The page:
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Have you seen this dog lost in Wakefield?

May 1, 2014 07:56 AM

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Frankie was lost in Wakefield; the last reported sightings were on April 10 in the Pleasant Street area.

She weighs 100 pounds and is brown with a white face. Her owners live in Winthrop and searchers think she might be trying to get home. So besides Wakefield, they are asking residents of Lynnfield, Melrose, Reading, and Saugus to be on the alert.

If you see this gentle giant, please call 781-334-8364.

All Beatles All Night

March 20, 2014 10:00 AM
The following was submitted by the Melrose Knights of Columbus: 

Friday night, April 11th, 2014,  Its All Beatles All Night with  New Englands best Beatles band, BeatleJuice at the Melrose Veterans Memorial Hall, 590 Main St. Melrose. The Knights of Columbus is once again proud to be sponsoring

this event to benefit The Knights of Columbus Food Drive For Families.  This will be the only chance to see BeatleJuice.  Doors open at 6pm, show starts at 7:30pm. This is an all ages show. The evening will include cash bar, raffle prizes, pizza and more. Tickets are available at Sexton&Donohue R.E. 29 Essex St. Melrose(across from Shaws), Melrose City Hall Mayors Office, 562 Main St., Wakefield Bowladrome, 92 Water St. Wakefield, or send check payable to Melrose KofC to: Melrose Kof C, PO Box 760828, Melrose Ma. 02176. Call 781-662-9154 for more info. Tickets only $20.00 per person ($25.00 day of show) or reserve a premium seating table of 10 for $250.00 by calling 781-662-9154. Tables are limited. Get your tickets early. For more information, visit www.muzzdrums.com and click BeatleJuice. It’s All Beatles All Night to benefit The Kof C Food Drive For Families.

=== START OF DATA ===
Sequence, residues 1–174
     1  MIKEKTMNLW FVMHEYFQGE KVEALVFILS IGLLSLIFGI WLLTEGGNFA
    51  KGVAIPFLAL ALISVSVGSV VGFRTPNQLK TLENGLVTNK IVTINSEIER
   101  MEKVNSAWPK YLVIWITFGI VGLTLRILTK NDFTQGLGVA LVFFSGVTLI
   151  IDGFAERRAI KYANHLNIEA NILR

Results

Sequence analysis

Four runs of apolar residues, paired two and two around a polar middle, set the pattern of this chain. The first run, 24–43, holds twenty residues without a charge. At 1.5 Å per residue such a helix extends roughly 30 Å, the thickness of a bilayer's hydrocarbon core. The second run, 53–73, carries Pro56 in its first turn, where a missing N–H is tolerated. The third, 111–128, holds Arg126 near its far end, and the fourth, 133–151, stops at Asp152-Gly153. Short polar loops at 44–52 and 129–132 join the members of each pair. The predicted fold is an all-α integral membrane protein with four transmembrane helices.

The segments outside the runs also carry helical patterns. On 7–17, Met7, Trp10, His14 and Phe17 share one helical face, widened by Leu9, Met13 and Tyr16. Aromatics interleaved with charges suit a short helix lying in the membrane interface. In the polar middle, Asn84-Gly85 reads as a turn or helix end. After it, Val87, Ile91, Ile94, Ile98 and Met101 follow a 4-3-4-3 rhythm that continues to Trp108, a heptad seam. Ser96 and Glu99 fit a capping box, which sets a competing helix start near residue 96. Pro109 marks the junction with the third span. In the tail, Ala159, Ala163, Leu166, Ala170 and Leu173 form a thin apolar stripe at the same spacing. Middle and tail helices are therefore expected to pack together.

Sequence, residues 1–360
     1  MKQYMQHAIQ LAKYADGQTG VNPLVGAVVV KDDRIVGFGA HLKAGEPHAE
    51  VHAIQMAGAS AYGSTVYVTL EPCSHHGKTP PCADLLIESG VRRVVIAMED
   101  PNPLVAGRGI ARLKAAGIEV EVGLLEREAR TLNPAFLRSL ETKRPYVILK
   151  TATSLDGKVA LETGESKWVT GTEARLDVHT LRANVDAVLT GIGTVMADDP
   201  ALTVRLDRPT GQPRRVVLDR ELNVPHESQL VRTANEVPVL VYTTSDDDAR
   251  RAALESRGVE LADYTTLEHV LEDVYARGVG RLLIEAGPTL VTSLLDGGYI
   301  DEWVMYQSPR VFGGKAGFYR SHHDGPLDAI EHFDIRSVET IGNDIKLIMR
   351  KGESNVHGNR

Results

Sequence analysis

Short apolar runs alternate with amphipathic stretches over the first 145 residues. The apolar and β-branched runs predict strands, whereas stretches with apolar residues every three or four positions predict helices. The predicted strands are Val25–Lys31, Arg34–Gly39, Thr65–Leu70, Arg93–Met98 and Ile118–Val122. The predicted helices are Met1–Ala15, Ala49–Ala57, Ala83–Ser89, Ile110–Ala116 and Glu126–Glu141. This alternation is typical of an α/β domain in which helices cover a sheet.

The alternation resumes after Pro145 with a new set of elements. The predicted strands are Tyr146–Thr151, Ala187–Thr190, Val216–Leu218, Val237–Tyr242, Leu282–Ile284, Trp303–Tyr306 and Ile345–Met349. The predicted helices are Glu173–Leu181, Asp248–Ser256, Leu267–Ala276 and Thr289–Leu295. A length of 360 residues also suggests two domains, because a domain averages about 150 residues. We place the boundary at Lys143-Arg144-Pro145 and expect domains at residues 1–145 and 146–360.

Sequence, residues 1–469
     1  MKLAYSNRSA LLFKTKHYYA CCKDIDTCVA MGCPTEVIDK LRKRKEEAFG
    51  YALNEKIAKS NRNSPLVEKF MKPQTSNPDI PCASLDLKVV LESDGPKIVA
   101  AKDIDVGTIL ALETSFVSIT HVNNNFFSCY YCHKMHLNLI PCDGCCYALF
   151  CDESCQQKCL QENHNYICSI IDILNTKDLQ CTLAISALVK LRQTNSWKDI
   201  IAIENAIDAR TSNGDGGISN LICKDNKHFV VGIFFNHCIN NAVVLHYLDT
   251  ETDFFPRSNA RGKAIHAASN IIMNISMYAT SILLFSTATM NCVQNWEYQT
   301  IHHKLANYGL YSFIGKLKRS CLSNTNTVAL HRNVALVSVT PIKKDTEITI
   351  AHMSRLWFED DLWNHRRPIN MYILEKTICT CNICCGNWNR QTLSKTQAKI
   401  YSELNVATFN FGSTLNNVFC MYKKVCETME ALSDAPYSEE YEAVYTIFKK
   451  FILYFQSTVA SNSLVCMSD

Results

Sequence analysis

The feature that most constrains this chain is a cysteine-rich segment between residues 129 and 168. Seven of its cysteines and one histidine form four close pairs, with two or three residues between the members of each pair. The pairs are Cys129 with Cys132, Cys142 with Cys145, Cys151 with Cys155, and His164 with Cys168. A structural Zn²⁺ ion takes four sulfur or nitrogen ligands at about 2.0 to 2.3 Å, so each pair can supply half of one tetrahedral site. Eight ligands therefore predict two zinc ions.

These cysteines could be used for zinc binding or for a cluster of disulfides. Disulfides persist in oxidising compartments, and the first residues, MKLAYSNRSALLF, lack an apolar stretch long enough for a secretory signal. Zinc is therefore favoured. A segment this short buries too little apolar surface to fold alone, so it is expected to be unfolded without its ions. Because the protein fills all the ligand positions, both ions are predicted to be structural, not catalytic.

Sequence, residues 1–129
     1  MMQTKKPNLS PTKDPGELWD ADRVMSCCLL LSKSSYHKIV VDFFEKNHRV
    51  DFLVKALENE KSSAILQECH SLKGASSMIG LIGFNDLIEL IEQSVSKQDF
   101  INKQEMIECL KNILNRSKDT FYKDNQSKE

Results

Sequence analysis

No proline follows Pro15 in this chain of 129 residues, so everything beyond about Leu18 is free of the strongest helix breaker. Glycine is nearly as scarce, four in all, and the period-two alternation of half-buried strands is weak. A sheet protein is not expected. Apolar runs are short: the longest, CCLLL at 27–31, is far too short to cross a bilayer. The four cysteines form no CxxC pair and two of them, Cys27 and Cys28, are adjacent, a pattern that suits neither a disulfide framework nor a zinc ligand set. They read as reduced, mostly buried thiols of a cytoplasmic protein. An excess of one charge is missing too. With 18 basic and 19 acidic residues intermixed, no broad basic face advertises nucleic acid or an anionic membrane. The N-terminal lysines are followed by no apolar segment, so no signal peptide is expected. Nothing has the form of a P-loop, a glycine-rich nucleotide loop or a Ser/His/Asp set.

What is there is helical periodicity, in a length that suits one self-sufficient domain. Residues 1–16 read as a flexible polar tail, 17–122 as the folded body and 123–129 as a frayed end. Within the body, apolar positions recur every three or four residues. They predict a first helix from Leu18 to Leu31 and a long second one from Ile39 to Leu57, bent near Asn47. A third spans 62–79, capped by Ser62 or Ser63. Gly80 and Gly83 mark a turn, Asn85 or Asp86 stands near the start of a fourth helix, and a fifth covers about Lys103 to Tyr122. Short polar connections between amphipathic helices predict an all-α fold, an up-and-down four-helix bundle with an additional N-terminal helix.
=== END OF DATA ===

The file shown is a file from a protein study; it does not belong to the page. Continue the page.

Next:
Somerville Skillshare offers free classes by local artists this Sunday

February 26, 2014 03:18 PM

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Have you ever wanted to try your hand at parkour, juggling, imaginary map-making, investing, or bee keeping? Get ready to try all that and more at no cost this Sunday afternoon at the Center for Arts at the Armory.

Somerville Skillshare invites the community to partake in a day of free classes led by area artists and entrepreneurs for their inaugural “skill sharing” event. The organization, run by a team of volunteers, seeks to connect talented residents across the city by providing a platform for free collaboration and education.

John Massie, the founder and director of Somerville Skillshare, said this is the first event of its kind in Somerville. He said that Somerville is one of the most talented artist communities in the country, and that he is excited to offer residents the opportunity to learn and connect in a way that encourages individuals to branch out and join the artist conversation.

“If you can make [education] free and open it up to as many people as possible, it’s an exciting thing," Massie said. "By definition, you’re hopefully attracting a very wide group and helping contribute to building community.”